Wirral Council’s announcement last June that it was planning to sell off two of its four municipal golf courses to private operators caused a wave of public outcry.
The clubs protested they had not been consulted, while councillors challenged the lack of financial detail in the cabinet’s plan. Attempts at handing over the courses to private investors have been on-going since 2014, on the grounds that hundreds of thousands of pounds are needed for their maintenance.
However, following a public policy u-turn in October, the sustainability of the Wirral’s four municipal golf courses – Arrowe Park, Warren Golf Club, Brackenwood Golf Club and Hoylake Municipal – is now a top priority for Wirral Council, following its decision to scrap their plans to sell off their valued community golfing assets and focus on finding solutions to run the golf courses sustainably in the public sector.
While the financial pressures of running and funding golf courses across the public and private sector have been felt for a number of years, just a few miles away at AIntree, horseracing is thriving, so much that the Grand National betting offers 2020 are already a hot-selling offer.
Back on the golfing front, Wirral council has drawn up a three-point plan to turn around the long-term future of each of its golf venues, with plans to carry out a ground survey of all four courses, to be followed by a phased capital investment over the next eight years. The freeze on new maintenance equipment will also be lifted and a consultative group with local golfers and clubs be established.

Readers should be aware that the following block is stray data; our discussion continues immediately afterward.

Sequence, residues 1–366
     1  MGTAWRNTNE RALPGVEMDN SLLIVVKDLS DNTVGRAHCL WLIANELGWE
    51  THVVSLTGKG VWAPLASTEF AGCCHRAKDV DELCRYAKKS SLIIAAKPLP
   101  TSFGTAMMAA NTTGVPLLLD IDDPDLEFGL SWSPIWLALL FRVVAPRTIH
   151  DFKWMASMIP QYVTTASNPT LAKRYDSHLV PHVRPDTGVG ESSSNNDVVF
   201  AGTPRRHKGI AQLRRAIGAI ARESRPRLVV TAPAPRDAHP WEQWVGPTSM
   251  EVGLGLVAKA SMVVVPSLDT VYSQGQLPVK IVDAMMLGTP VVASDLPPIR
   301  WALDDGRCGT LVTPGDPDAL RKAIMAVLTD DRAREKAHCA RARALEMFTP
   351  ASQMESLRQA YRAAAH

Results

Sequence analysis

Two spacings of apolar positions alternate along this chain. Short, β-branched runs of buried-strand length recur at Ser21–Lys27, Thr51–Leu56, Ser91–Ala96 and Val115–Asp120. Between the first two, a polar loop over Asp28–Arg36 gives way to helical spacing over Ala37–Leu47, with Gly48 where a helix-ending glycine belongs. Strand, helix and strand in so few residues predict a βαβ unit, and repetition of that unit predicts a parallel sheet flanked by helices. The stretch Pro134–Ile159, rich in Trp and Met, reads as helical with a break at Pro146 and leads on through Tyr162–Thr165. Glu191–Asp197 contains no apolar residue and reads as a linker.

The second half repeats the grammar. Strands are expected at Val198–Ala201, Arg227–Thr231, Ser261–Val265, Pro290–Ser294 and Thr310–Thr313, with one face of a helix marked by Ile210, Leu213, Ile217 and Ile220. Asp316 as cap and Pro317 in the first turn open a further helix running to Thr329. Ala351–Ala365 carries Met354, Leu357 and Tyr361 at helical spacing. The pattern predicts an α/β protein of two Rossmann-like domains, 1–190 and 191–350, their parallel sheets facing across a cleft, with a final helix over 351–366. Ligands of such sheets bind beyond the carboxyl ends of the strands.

Tom Anderson, the Tory chairman of the environment committee, was quoted as saying that golf courses should be available ‘to the many, not the few’. That could prove to be easier said than done, though. All councillors seem to agree that the management of the municipal courses sorely needs improvement.
Users have been complaining of bunkers devoid of sand, weed-infested greens, tee boxes needing a cut and other signs of neglect. Other users have been reporting that dozens of people ‘sneak onto the courses and play for free, with no municipal staff in site to monitor and collect fees, which would increase
Cllr Julie McManus has welcomed the opportunity to look again at this proposal and listen further to the concerns and ideas of golfers and members of the committee.
“While it remained clear that changes had to be made to how municipal courses in Wirral were managed, it was also clear that there were further options that could be explored that meant we could keep them in-house and give greater security to all those involved, particularly staff.
“What we are now looking to do is invest in these courses and make significant improvements to how they are managed; looking at opportunities to maximise the income the council can achieve, not just directly through golf but also from the secondary opportunities that exist. We will also establish a dedicated service area for golf, bringing in the expertise, which at present sits across a number of different council departments. They will work together across all sites to ensure consistency and efficiency and ultimately create and deliver a new vision for municipal golf in Wirral.”